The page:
At the Inbound Conference, held recently in Boston, Arianna Huffington spoke about how success is often measured in terms of money and power but wisdom, physical well-being and giving back are equally important measures of a life well lived.
This notion of the meaning of success is one that has always been a challenge for me. As a child growing up black and modestly middle class with the good fortune to have extraordinary educational and life experiences, success was simple: managing to excel in situations when many around me assumed I would fail, or at best be average. Low grades were devastating; failing grades almost unthinkable. The goal of all this work was clear: a great job and access to privileges previously denied to my parents and to the majority of people of color.
Years later, I found myself working for a Fortune 500 Company, managing world-class brands, developing products and advertising campaigns and traveling the world. While blessed with many of the perks and privileges earned by staying at the office a little bit later than others so that I could prove my worth and move ahead, I had little time for meaningful friendships, limited moments for family engagement and no time to pay my good fortune forward. I thoroughly enjoyed working until whenever, firing off emails at whatever o'clock in the morning, and traveling anywhere my presence was required.
Then I got hit by a car. While I walked away relatively unscathed, the experience actually got me to stop and ask, "What am I doing?" I never exercised, the most social thing I did was go grocery shopping (and I usually ended up tossing the groceries the following week) and all those things I once enjoyed--dance, writing, art, and fashion were indulgences that were fast becoming distant memories. Getting struck by a car forced me to stop and reassess.
I determined the first thing I could do something about was my physical well-being, so I joined a gym and got a trainer. I knew that I might cancel on myself but I would never cancel a business appointment with a trainer. I never missed a date. Eventually I left my job and took some time off to reconnect with friends and spend time with my relatives who were in the twilight of their lives. While my job hunt would prove challenging later on, I am left with priceless memories of time spent with my father, my aunt and others. I joined the board of The Multicultural Arts Center so that I could do my part to give others the opportunity to explore different kinds of dance, music and art.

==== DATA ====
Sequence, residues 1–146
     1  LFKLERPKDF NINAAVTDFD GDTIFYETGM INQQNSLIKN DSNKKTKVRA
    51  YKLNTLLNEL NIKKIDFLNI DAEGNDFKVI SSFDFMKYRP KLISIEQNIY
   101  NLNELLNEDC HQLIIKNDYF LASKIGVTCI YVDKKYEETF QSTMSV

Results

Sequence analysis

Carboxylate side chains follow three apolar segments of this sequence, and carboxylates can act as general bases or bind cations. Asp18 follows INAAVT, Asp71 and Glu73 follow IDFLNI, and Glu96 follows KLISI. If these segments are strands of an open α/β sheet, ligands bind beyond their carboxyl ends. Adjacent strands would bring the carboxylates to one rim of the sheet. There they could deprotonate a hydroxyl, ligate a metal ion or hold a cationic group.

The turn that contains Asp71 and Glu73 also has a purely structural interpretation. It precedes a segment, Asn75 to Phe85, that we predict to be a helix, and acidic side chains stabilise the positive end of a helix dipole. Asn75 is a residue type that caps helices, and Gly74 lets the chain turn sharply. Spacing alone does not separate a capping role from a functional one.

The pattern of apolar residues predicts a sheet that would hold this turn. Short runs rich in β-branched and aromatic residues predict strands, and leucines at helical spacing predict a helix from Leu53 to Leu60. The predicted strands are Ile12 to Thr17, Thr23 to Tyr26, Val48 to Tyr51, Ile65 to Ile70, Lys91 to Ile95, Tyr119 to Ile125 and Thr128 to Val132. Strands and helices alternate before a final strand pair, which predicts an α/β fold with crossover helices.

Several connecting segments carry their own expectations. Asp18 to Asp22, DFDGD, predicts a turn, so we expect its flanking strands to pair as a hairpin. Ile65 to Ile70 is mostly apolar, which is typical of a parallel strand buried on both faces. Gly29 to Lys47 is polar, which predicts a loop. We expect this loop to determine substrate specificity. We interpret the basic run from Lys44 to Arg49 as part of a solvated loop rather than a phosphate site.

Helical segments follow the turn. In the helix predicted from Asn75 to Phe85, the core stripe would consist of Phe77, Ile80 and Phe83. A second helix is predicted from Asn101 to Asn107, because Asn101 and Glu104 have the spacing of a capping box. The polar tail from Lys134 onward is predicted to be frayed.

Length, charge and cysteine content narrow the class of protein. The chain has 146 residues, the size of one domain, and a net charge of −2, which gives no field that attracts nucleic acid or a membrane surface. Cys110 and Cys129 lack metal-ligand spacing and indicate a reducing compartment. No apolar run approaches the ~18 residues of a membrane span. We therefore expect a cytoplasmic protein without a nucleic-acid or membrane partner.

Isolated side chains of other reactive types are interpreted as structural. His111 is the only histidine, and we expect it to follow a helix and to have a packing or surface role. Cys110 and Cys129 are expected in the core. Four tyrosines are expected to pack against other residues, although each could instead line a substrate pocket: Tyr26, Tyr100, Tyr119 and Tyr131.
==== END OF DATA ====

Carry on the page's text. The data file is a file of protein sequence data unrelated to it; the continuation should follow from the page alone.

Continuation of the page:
Arianna also talked about creating time to think and space to create in our lives. I have found this to be easier said than done, but when I have managed to do it, wonderful things have happened--a deeper understanding with a friend, insight into a troubling problem at work or at home or something purely creative--a piece of jewelry that is uniquely mine or a book written and published in a short window of time because I was so inspired to see it through.
Given all that I have been able to do and achieve in pursuit of traditional success, it would be incredibly cavalier of me to say now that it is wrong to strive for a great job, access and privileges which are in fact still harder for talented people to attain than they should be --especially for people of color. Instead, it's important to also make room in life for those things that Arianna suggested during her speech in Boston: wisdom, physical well-being and giving back. Don't wait for a life-altering experience like getting hit by a car before making a change.